pyrH6.4Uridylate kinase (biofilm development)hENT14.2Placental equilibrative nucleoside transporter 1
adhA5.5Alcohol dehydrogenaseTEL2.8Transcription factor
pelB, pelE5.6, 3.7Extracellular polysaccharide (competitive disruption of S. aureus biofilms)DPH2L2.6Diphtheria toxin resistance protein
cls7.0Cardiolipin synthaseTFPI22.3Tissue factor pathway inhibitor 2
2.1Ankyrin motif
ESE-12.1Epithelial-specific transcription factor
EPB49−2.0Erythrocyte membrane protein band 4.9. (Dematin)
−2.3Alu repeat-containing sequence

Table 1.

Genetic changes due to host-pathogen interaction quantified by microarrays of mRNA.

Change relative to P. aeruginosa acute infection/chronic contact to host cell [62].

Relative change of lung cell gene profile after 3 h contact with P. aeruginosa [43]. Data reported by Naughton [62] and Ichikawa et al. [43].

FC, fold changes; NC, no change.

The T cells also play an important role in acute infection. IL17 producing T cells are expanded [54], via expression of STAT3 and retinoid orphan receptor [55]; these steps are crucial for B cell activation and immunoglobulin release for bacterial clearance [56]. On the contrary, excess of T regulatory cells (Treg) are associated with secondary P. aeruginosa infections, because depletion of Tregs decreases IL-10 levels and elevates IL-17A, IL-1β, and IL-6 [57, 58]. Therefore, the underlying immune suppression, by Treg accumulation, and Th17 depletion are the cause of chronic infection [57]. This may be reversed by treatment with IL7 or ethyl pyruvate increasing IL17, INFγ, and CD8+ T cells [59, 60].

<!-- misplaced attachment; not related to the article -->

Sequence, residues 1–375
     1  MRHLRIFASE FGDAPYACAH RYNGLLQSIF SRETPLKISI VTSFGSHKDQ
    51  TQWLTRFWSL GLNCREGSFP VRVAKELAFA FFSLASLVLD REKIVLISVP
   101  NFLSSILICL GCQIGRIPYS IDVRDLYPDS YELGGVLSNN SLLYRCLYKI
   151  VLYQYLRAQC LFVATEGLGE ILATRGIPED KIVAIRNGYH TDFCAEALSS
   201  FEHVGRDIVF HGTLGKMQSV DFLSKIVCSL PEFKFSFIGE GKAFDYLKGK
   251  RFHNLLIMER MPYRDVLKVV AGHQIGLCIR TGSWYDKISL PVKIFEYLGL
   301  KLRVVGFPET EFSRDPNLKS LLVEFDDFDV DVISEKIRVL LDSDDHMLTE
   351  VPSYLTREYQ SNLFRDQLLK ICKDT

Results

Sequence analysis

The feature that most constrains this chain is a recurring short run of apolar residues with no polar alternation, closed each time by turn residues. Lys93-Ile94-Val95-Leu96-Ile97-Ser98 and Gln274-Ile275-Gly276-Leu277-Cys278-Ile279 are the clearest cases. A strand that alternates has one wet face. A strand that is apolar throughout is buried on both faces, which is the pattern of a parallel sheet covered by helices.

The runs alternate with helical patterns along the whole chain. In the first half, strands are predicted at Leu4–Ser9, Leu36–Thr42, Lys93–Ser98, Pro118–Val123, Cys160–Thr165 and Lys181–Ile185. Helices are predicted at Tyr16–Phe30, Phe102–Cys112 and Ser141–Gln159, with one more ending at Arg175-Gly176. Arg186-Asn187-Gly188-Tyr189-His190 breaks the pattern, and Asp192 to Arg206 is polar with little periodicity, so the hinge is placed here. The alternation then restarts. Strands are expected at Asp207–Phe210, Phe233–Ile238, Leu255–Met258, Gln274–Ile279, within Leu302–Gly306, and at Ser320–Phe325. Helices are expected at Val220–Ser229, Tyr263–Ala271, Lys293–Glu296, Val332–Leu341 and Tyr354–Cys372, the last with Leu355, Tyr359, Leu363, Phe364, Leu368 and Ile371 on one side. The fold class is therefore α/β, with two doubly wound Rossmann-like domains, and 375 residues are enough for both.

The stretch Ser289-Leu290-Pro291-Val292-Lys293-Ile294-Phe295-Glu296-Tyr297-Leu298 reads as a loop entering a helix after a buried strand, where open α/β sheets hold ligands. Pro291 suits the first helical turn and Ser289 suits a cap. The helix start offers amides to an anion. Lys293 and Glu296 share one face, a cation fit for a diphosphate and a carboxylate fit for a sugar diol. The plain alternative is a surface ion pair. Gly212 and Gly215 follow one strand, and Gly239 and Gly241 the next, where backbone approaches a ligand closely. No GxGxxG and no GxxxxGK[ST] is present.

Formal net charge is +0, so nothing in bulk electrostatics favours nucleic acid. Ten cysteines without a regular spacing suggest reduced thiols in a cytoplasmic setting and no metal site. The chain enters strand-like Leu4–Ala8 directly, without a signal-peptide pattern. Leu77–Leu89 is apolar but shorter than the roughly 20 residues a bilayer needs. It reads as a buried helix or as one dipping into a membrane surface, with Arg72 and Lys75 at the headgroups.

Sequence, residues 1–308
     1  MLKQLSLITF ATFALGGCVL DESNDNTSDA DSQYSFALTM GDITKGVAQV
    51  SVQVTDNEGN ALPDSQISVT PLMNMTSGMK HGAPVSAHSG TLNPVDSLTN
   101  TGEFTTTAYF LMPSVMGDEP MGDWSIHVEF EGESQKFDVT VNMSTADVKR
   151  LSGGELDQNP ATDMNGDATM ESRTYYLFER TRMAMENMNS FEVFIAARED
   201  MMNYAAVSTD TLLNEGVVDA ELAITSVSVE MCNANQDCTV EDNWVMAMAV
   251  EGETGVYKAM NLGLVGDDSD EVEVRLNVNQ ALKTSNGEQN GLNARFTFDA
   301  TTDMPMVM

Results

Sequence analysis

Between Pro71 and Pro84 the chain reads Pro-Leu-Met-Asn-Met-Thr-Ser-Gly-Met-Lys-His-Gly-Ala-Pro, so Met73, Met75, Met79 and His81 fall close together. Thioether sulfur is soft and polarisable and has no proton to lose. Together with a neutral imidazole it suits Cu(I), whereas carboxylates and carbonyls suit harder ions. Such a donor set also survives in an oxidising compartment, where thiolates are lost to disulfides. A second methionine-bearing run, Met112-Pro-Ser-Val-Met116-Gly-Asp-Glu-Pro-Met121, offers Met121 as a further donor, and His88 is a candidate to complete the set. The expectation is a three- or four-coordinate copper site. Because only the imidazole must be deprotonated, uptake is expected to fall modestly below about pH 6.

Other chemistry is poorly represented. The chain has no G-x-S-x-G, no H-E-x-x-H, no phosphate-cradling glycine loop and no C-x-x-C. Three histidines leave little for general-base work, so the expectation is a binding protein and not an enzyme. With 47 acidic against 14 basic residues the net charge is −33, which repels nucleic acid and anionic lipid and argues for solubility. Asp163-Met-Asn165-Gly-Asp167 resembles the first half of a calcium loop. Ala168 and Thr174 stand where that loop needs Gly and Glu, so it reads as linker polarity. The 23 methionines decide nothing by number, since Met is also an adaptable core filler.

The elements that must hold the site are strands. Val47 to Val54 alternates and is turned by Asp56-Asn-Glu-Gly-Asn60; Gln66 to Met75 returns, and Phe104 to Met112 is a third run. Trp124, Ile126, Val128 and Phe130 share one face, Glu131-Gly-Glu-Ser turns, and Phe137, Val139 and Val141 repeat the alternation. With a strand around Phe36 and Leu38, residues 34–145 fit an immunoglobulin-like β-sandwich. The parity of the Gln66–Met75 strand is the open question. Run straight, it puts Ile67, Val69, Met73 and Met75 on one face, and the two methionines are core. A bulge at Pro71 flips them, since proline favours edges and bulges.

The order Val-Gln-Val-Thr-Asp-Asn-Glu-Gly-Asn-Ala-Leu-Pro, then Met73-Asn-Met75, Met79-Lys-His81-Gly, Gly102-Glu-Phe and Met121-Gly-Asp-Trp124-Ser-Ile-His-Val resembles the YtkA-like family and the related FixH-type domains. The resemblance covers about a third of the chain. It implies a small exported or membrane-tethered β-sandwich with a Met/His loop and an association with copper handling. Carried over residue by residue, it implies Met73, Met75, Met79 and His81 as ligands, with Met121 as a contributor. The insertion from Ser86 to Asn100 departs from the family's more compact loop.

Death of CF patients chronically infected with P. aeruginosa occurs due to the depletion of neutrophils, IL6, and granulocyte-colony stimulating factor which causes dysfunctional neutrophil burst. This reduces the secretion of reactive oxygen species, which are essential for bacterial killing and clearance [61].

2.2 Bacterial metabolic changes for invasion

Simultaneously, the contact of P. aeruginosa with the lung upregulates in the bacteria genes involved mainly in biofilm synthesis [62] (Table 1). These changes in gene expression result in downregulation of proteins involved in LPS biosynthesis, antimicrobial resistance, and phenazine production concomitant with the upregulation of proteins involved in adherence, lysozyme resistance, and inhibition of the chloride ion channel, and CFTR [63]. P. aeruginosa releases choline from surfactants [81]. In vitro studies utilizing choline, as a carbon and nitrogen source, shows that it produces accumulation of polyphosphates (polyPi), carbohydrates, and LPS accompanied by depletion of phosphate (Pi) and phospholipids (PL); deeply modifying its energetic metabolism, the bacteria save 45% of energy in polyPi [64] (Table 2).

CompositionSuccinatea + NH4ClCholinea
μg/mg of proteinμmol/mg of proteinμg/mg of proteinμmol/mg of protein%pb